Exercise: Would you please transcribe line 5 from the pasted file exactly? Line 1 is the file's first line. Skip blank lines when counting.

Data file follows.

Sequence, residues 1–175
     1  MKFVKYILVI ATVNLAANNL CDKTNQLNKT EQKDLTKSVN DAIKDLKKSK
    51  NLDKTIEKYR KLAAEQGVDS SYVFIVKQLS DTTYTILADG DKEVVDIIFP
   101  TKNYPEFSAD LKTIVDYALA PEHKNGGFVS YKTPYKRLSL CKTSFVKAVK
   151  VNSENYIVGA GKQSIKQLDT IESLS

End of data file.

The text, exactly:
   151  VNSENYIVGA GKQSIKQLDT IESLS